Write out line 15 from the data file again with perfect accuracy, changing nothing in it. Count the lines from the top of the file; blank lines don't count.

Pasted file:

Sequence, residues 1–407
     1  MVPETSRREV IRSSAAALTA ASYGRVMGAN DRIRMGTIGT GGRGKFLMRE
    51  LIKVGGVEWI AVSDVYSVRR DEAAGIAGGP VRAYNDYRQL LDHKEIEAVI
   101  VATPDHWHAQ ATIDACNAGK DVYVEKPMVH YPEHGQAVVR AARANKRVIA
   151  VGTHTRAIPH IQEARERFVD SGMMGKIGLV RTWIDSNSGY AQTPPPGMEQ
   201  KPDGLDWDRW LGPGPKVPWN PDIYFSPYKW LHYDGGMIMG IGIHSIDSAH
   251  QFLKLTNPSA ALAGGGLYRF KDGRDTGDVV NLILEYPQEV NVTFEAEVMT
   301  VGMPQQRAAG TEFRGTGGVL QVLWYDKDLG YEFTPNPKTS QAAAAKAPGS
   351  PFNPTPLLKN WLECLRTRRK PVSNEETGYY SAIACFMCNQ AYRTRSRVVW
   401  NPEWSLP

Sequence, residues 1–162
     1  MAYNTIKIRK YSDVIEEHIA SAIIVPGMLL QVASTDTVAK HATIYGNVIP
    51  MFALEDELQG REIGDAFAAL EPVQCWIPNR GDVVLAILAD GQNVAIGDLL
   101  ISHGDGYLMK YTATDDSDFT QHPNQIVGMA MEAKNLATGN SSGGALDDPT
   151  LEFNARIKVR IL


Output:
   151  LEFNARIKVR IL